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Bob Lind, Published February 24 2009

Galloping Goose letters from fans keep rolling in

If someone formed a Galloping Goose fan club, it would have many members, based on the mail Neighbors receives about the old branch line trains. Among the writers:

Betty Blagen of Milnor, N.D., writes, “My father, Cap Froke, was depot agent in Blanchard, N.D. I attended my junior and senior year of high school (1937-1939) in Mayville, N.D., by riding the Great Northern Galloping Goose to and from Mayville every day.”

From Kenneth Skjegstad of Moorhead: “My hometown of Henning, Minn., was developed along the Northern Pacific, Fergus and Black Hills Railroad after the line was built in 1881. This branch line of the NP with its eastern terminus at Staples, Minn., diverged from the NP main line at Wadena, Minn., extended southwesterly for 25 miles or so and then west to Fergus Falls, Minn., Wahpeton, N.D., and on to Oakes, N.D.

“Our home was across the street from the rail line. The comings and goings of the Goose and the local freight trains were a familiar part of life as we were growing up.

“Coming from Staples, the Goose arrived in Henning early in the morning, 7 or so, and returned from the west around 5 or 5:30 p.m. It was a convenient schedule for people in our area, for it allowed a full day in Fergus Falls for business, shopping, visiting or attending to some legal matter at the county courthouse.

“The train also carried the mail. In late afternoons, Douglas Avenue, our ‘Main Street,’ was busy with people waiting to pick up their mail and their copy of the day’s issue of the Fergus Falls Daily Journal after it was delivered from the depot and distributed into mail boxes.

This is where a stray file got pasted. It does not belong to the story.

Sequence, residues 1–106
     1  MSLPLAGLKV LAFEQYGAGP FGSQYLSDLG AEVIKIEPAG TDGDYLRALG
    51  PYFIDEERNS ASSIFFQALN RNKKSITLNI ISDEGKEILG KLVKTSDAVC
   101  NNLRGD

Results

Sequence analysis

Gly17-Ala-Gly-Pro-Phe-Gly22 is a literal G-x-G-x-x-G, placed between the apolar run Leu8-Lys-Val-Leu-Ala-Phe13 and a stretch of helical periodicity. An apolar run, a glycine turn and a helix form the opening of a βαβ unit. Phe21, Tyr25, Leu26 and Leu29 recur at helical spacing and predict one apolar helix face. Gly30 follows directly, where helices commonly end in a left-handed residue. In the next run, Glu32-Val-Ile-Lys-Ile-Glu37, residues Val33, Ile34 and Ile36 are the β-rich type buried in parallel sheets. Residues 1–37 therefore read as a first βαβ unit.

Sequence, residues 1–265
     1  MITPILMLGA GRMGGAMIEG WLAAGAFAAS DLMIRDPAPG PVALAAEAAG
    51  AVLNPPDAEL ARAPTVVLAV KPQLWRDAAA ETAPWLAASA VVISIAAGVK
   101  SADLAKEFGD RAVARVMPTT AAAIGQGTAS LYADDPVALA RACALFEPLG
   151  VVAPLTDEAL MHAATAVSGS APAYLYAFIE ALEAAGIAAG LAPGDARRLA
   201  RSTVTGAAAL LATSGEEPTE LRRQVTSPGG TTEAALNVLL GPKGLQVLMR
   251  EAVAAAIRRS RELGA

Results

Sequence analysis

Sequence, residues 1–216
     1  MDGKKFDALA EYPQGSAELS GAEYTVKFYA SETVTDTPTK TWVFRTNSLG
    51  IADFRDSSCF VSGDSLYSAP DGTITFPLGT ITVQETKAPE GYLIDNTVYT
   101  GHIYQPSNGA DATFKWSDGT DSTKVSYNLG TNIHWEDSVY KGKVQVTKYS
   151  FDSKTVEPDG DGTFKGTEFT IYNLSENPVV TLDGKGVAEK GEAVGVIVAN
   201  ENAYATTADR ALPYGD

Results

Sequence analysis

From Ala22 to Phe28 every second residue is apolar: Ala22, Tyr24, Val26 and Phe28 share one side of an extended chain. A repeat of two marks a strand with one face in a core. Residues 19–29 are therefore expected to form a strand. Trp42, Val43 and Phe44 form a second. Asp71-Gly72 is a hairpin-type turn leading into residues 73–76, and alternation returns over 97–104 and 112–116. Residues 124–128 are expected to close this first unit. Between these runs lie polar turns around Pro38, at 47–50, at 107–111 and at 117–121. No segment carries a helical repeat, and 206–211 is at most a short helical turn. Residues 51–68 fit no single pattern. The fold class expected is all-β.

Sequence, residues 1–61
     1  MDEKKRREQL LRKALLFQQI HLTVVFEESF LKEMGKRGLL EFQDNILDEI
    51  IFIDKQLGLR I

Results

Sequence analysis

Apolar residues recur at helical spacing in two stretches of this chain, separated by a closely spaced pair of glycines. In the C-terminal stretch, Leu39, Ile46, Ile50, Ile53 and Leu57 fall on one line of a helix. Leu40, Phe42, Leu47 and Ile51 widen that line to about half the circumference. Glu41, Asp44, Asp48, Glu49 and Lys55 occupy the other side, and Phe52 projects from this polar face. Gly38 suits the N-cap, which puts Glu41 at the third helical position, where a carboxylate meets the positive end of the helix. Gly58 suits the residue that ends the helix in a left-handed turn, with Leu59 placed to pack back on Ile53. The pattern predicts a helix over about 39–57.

“I made this round trip to Fergus one day in 1948. It was a pleasant, somewhat scenic ride passing farms, lakes, woods and small towns.

“The Galloping Goose service on this line was discontinued in the 1960s. The NP abandoned this route in the 1970s.”

Louisa (Fields) Austin of Brownsburg, Ind., formerly of Jamestown, N.D., wrote to her niece, Susan Buhr of Fargo, about Louisa’s father and Jane’s grandfather, Thomas Fields, who was an engineer on the Goose. Sue passes her aunt’s note along:

“My sister Emma and I both rode the steam engines and the Goose with my father,” Louisa writes. “(His) last run before he retired was the Goose.

“I loved steam engines. My sister and I would take turns sitting with the fireman and then on the engineer’s side with my dad in the summertime when we were out of school.

“I thought the Goose was too noisy and hurt my ears. Dad had occupational deafness from the roar of the engines and tried to get hearing aids, but it just magnified the roar in his ears so he could not wear them.

“I miss the Jamestown of the ’40s and the sound of the steam train.”

And yes, Neighbors will run many more notes from others who probably would join a Galloping Goose fan club.

If you have an item of interest for this column, mail it to Neighbors, The Forum, Box 2020, Fargo, ND 58107; fax it to 241-5487; or e-mail blind@forumcomm.com